I also don't want inaccurate gauges to be another of the quirks about the Dart that I have to think about. There are already more than enough! :)

It's a relief to finally know what was going on, but I'm a little disappointed that none of the sites giving the instructions for the project didn't mention this problem.

If my logic is wrong, please let me know. Sorry about the long post...
 

64dart170

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rp23g7

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I have been wondering about how to make mine work also, I always wondered how long did they use the limiter, and why they used it so long.

I gotta do that mod on mine, and possibly solder my wiring on the back of my instrument panel, as my limiter fried and burned the flat electical stuff.
 

1974stepside

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If you do the 7805 conversion, you should know that your gas and temp gauges will probably give low readings. That was causing me lots of confusion with my gas gauge. It was like my gas tank had shrunk. When the gauge read empty, I would fill the tank - but it would only take about 11 gallons or so.:dontknow: And I was only getting about 160 miles from a 'full' tank.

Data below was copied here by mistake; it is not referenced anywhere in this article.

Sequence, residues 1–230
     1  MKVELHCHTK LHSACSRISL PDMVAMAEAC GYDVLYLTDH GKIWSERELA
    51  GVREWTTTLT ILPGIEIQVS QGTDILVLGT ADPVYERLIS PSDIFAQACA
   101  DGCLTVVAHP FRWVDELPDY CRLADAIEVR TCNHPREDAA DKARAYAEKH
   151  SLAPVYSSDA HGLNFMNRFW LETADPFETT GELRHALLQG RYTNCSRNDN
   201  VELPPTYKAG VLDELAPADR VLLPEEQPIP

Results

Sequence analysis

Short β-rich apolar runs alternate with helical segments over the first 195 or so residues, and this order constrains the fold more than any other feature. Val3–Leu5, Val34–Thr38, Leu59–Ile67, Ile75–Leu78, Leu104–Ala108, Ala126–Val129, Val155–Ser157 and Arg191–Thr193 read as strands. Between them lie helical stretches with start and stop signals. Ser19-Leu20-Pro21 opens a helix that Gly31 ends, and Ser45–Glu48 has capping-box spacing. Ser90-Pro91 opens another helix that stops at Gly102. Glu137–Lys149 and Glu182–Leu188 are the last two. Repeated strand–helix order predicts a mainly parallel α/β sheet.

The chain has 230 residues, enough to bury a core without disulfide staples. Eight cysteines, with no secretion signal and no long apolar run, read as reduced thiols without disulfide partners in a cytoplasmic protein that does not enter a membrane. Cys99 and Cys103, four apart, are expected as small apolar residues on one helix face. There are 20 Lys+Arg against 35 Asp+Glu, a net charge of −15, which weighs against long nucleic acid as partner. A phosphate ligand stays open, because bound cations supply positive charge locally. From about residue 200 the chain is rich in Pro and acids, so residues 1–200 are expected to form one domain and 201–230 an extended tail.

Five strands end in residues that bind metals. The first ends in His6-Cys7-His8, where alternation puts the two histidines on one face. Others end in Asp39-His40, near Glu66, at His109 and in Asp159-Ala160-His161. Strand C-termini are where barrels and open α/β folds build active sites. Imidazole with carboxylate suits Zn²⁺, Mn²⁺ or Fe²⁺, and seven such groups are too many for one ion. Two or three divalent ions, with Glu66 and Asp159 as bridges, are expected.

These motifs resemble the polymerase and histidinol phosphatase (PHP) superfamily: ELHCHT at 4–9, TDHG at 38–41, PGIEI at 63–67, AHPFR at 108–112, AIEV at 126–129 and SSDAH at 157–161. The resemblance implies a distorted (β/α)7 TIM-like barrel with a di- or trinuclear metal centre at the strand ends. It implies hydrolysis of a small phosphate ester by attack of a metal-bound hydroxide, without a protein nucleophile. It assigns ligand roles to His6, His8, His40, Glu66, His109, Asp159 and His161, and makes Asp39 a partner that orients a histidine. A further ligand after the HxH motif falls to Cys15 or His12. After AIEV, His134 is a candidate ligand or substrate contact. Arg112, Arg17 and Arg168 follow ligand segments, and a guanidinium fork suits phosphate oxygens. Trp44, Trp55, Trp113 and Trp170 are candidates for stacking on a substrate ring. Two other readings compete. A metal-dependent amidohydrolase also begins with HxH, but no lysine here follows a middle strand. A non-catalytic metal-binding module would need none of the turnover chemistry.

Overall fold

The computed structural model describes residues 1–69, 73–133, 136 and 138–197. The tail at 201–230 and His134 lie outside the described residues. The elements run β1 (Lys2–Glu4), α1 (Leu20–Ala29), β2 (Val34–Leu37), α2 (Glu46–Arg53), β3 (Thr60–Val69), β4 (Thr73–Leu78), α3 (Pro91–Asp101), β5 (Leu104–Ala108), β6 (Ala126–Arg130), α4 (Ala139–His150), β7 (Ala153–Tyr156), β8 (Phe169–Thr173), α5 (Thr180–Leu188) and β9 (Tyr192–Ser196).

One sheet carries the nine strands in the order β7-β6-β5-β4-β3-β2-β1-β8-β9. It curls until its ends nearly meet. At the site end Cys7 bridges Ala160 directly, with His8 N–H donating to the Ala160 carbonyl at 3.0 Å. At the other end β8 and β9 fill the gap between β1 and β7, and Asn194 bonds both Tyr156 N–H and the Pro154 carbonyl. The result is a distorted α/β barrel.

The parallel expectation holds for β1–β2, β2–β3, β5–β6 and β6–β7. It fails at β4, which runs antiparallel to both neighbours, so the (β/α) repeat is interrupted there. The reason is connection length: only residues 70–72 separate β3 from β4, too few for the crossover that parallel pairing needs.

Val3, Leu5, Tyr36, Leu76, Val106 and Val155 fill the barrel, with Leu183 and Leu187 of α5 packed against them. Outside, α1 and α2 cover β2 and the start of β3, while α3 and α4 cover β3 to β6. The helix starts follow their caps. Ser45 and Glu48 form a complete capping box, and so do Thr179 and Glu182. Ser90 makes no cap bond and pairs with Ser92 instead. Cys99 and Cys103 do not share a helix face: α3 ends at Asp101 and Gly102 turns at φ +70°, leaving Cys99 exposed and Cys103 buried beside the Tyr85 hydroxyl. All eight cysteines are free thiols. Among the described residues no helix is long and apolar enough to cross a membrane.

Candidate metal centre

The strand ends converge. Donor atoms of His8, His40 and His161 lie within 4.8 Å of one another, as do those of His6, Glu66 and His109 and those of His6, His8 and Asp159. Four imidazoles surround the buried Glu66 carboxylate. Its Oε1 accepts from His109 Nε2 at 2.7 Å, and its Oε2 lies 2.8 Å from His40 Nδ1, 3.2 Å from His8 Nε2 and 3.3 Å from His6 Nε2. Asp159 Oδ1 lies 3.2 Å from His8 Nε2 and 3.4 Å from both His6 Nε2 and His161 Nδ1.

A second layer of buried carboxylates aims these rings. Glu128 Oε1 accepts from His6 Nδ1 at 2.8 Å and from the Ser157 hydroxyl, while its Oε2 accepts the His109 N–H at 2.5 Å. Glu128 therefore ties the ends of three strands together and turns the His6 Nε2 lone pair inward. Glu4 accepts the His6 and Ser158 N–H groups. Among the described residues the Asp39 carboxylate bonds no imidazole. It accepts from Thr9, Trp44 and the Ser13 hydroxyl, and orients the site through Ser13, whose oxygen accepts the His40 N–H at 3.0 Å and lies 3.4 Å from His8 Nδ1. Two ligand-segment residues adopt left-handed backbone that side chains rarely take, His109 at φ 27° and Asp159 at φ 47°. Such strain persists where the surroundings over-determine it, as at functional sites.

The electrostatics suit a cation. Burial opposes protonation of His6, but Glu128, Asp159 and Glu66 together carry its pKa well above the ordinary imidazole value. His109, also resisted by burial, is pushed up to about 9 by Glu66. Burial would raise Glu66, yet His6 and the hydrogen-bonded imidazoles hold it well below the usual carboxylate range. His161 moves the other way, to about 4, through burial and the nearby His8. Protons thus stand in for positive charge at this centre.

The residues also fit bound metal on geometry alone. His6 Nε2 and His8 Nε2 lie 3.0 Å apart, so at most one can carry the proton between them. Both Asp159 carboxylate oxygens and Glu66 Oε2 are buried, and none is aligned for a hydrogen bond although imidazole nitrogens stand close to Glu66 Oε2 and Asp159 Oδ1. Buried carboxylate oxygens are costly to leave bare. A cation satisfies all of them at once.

If my logic is wrong, please let me know. Sorry about the long post...

------------------------------------------------------------------------------------------------------------------------------------
I did the 7805 conversion then read your posting and orderred the solid state limiter. The problem I have is that when I was removing the cluster to get to the 7805 regulator it touched metal on the dash and shorted one of the tail lights, dash lights and guages (I know, I messed it up, im a noob).

I put in the solid state limiter and get the lights blinking behind it but do not know what to do. I replaced the tailight that blew but now I want the guages etc to work any ideas on how to proceed?

The tail lights, indicators, head lights, brake lights work. The dash lights, fuel, temp guages do not.
 

skykeith

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The early bi-metal type gauges were sensitive to voltage fluctuations. If the alternator was putting out 14v and you turned on lights/heater/wipers and the voltage dropped to 12v, the gauge would read differently. The IVR put out a constant 5v and the gauges were calibrated to 5v, so they would be unaffected by system voltage changes. The new air core type gauges have two opposing coils and are not affected by system voltage fluctuations, so there is no need for an IVR